What does this picture show? Is it a photo of identical twin sisters, or is it just one girl looking in a mirror? The picture shows a single girl and her mirror image.
How Mirrors Form Images
A mirror is typically made of glass with a shiny metal backing that reflects all the light that strikes it. When a mirror reflects light, it forms an image. An image is a copy of an object that is formed by reflection or refraction. Mirrors may have flat or curved surfaces. The shape of a mirror’s surface determines the type of image it forms. For example, some mirrors form real images, and other mirrors form virtual images. What’s the difference between real and virtual images?
- A real image forms in front of a mirror where reflected light rays actually meet. It is a true image that could be projected on a screen.
- A virtual image appears to be on the other side of the mirror. Of course, reflected rays don’t actually go through the mirror to the other side, so a virtual image doesn’t really exist. It just appears to exist to the human brain.
Q: Look back at the image of the girl pointing at her image in the mirror. Which type of image is it, real or virtual?
A: The image of the girl is a virtual image. It appears to be on the other side of the mirror from the girl.
The mirror in the opening photo is a plane mirror. This is the most common type of mirror. It has a flat reflective surface and forms only virtual images. The image formed by a plane mirror is also right-side up and life sized. But something is different about the image compared with the real object in front of the mirror. Left and right are reversed. Look at the girl brushing her teeth in the Figure below. She is using her left hand to hold the toothbrush, but her image appears to be holding the toothbrush in the right hand. All plane mirrors reverse left and right in this way. The term mirror image refers to how left and right are reversed in an image compared with the object.
Some mirrors have a curved rather than flat surface. Curved mirrors can be concave or convex. A concave mirror is shaped like the inside of a bowl. This type of mirror forms either real or virtual images, depending on where the object is placed relative to the focal point. The focal point is the point in front of the mirror where the reflected rays meet. You can see how concave mirrors form images in the Figure below and at the following URL. Concave mirrors are used behind car headlights. They focus the light and make it brighter. Concave mirrors are also used in some telescopes. http://www.splung.com/content/sid/4/page/concavemirrors
The other type of curved mirror, a convex mirror, is shaped like the outside of a bowl. Because of its shape, it can gather and reflect light from a wide area. As you can see in the Figure below, a convex mirror forms only virtual images that are right-side up and smaller than the actual object. You can see how a convex mirror forms an image in the animation at this URL: http://physics.slss.ie/resources/convex%20mirror.swf
Q: Convex mirrors are used as side mirrors on cars. You can see one in the Figure below. Why is a convex mirror good for this purpose?
A: Because it gathers light over a wide area, a convex mirror gives the driver a wider view of the area around the vehicle than a plane mirror would.
- When a mirror reflects light, it forms an image. An image is a copy of an object formed by reflection (or refraction). A real image is a true image that forms in front of a mirror where reflected light rays actually meet. A virtual image appears to be on the other side of the mirror and doesn’t really exist.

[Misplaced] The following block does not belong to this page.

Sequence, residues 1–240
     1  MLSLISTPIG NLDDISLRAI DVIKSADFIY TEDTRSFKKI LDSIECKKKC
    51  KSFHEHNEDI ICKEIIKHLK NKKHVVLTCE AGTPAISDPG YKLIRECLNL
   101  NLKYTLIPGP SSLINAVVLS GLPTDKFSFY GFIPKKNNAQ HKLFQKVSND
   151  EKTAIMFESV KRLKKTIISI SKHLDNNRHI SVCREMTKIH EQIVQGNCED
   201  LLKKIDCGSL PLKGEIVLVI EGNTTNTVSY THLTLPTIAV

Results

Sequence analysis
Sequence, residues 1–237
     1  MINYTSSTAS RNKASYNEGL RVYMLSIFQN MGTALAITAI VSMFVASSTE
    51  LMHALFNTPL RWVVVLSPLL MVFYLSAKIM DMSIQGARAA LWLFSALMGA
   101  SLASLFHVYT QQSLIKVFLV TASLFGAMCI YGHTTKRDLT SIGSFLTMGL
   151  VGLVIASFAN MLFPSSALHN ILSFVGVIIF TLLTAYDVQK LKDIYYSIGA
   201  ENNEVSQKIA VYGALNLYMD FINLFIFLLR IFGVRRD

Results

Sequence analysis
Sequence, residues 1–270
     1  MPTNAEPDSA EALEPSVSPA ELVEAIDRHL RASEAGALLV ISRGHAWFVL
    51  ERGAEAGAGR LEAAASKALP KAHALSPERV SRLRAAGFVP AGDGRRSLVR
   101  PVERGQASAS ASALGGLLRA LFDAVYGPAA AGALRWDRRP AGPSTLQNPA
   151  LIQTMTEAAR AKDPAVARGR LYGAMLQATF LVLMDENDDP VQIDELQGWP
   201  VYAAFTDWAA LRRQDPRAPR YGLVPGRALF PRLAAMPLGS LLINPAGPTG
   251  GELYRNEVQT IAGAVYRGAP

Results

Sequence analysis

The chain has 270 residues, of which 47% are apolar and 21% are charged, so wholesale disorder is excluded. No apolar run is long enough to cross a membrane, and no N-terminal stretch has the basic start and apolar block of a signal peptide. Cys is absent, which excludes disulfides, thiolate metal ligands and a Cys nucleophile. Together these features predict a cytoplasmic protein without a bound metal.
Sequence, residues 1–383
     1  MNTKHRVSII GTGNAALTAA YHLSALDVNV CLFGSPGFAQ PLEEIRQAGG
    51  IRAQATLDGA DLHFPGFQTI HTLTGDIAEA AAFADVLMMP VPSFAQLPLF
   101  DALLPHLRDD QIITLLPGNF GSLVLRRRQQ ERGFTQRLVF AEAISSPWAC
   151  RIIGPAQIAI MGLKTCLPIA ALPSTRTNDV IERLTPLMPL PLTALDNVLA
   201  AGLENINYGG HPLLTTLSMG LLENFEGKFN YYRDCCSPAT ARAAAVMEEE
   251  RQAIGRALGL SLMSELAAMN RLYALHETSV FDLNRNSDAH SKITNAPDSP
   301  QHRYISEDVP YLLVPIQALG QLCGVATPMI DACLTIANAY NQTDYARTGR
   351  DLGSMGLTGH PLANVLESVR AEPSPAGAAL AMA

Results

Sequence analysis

- Most mirrors are plane mirrors that have a flat reflective surface. A plane mirror forms only virtual, right-side up, and life-sized images.
- A concave mirror is shaped like the inside of a bowl. The type of image it forms depends on where the object is relative to the focal point. The image may be real, upside down, and reduced in size; or it may be virtual, right-side up, and enlarged.
- A convex mirror is shaped like the outside of a bowl. It forms only virtual images that are right-side up and reduced in size relative to the object.
concave: Curving inward like the inside of a bowl.
convex: Curving outward like the outside of a bowl.
image: Copy of an object that is formed by reflected or refracted light.
reflection: Bouncing back of waves from a barrier they cannot pass through.
At the following URL, review how a plane mirror forms an image, and watch the animation. Then answer the multiple choice questions below. http://www.physicsclassroom.com/mmedia/optics/ifpm.cfm
- A plane mirror forms an image where the reflected rays
- The image formed by a plane mirror appears to be
- on the same side of the mirror as the object.
- on the opposite side of the mirror from the object.
- either on the same side or the opposite side, depending on the distance of the object from the mirror.
- on both sides of the mirror, regardless of the distance of the object from the mirror.
- The distance from the object to a plane mirror equals the distance from the mirror to the
- incident ray.
- reflected ray.
- Anyone who sees the image formed by a plane mirror is sighting at the same image
- What is an image? How do real and virtual images differ?
- Define the focal point of a mirror.
- Describe the image formed by a plane mirror.
- What type of image is formed by a concave mirror if the object is between the mirror and the focal point?
- Mirrors like the one in the Figure below are sometimes placed at street intersections so drivers can see around blind corners. What type of mirror is used for this purpose? What type of image does it form?